The Southern Ontario Water Consortium was pleased to sponsor the participation of three young professionals in a unique experience created by Waterlution: the Water Innovation Lab (WIL) Canada. The event took place in September, 2018 in and around the Queen’s Biological Station near Kingston, ON.
SOWC was able sponsor participation by three graduate students that have been engaged with industry-led collaborative projects through the Advancing Water Technologies (AWT) program. The selected candidates were Kimia Aghasadeghi (University of Waterloo), Taryn Fournie (Western University), and Chengjin Wang (University of Toronto).
SOWC asked Kimia, Taryn, and Chengjin to share what they learned from this innovative training on leadership and communication skills and from working on water-related projects with other young professionals from around the world; and how they are going to apply them in their future life and work.
I am a research engineer at University of Waterloo, and my work is focused on corrosion inhibition in lead service lines.
How would you describe the program? I would describe the water innovation lab as a perfect assembly of people greatly passionate about water, gathered in one amazing location (Queen’s University Biological Station) to tackle some of the greatest water challenges in Canada. After several days of being exposed to different aspects of water and the Great Lakes through site tours, expert presentations and even a birch canoe building workshop, we were trained on how to go about solving complex water problems by systematic thinking. We then formed multidisciplinary teams and picked a water problem to define a one-year project around. We were encouraged to realize our radius of impact to set feasible goals for our projects. We all then pitched our project ideas and competed for seed funding to continue our projects.
What was the key outcome for you? As a member of one of the winning groups, with the help and encouragement of WIL mentors, I am currently working on the implementation of the project idea that we developed in WIL.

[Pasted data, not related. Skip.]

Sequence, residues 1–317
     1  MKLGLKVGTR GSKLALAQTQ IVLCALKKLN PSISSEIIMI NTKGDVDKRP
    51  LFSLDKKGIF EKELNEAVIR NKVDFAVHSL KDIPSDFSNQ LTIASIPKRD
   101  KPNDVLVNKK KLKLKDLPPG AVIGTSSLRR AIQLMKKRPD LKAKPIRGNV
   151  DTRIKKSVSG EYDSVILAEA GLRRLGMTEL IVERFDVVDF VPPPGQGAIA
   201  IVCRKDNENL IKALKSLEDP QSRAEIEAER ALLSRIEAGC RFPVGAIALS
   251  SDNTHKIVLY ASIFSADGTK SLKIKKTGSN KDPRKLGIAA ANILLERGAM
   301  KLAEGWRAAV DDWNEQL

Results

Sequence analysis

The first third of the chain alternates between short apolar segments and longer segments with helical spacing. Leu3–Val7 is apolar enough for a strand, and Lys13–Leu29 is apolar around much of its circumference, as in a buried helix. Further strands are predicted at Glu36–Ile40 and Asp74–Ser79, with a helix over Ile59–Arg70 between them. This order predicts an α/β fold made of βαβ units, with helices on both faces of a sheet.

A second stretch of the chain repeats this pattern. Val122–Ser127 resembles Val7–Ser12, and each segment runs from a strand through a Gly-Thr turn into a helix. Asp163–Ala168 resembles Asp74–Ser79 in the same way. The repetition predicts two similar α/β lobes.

I am a PhD student in environmental engineering at Western University. My research is looking at a new method of treating biosolids from Wastewater Treatment Plants and the potential for land application of the post-treatment ash as a fertilizer.
What attracted you to the program? Living and growing up around the Great Lakes has distilled in me a deep passion for protecting our water resources. When I learned about the Water Innovation Lab and their goal of bringing together interdisciplinary groups to address local and international issues relating to water quality, access and sustainability I knew that this was an opportunity that I needed to partake in.
What was the key outcome for you? Participating in WIL 2018 gave me the opportunity to collaborate and learn from extraordinary individuals from a vast array of professions, backgrounds, countries, and cultures. WIL was able to bring all these individuals together with a common goal; to address some of the seemingly daunting water related issues facing our world today. Attending WIL has taught me that the broad perspective that I thought I possessed when problem solving is much narrower and more biased than I realized. I am extremely grateful to have had the opportunity to participate in WIL 2018. The lessons that I have learned, the experiences I had, and the friendships and networks that I formed have helped me grow and improve.
I am a Postdoctoral Fellow at the University of Toronto, and my work is focused on advanced oxidation processes in the drinking water treatment.
What was the key outcome for you? To me (a technical person spending most of my time in the lab) this workshop was an eye-opening opportunity to see the big picture and to see how I fit in. During the workshop, I worked with other young professionals on a project to design water quality monitors for Canada’s rural areas. When my peer colleagues started to contribute from their perspectives and using their expertise, I was impressed to see that the project was not a purely technical problem but had so many “dimensions” and “layers” (e.g., cultural, economic, regulatory, technical, and political). It was inspiring to see that sometimes the same idea may look perfect from one perspective but not so much from the other one. This experience taught me to think holistically and prompted me to work in a more collaborative way in my future work.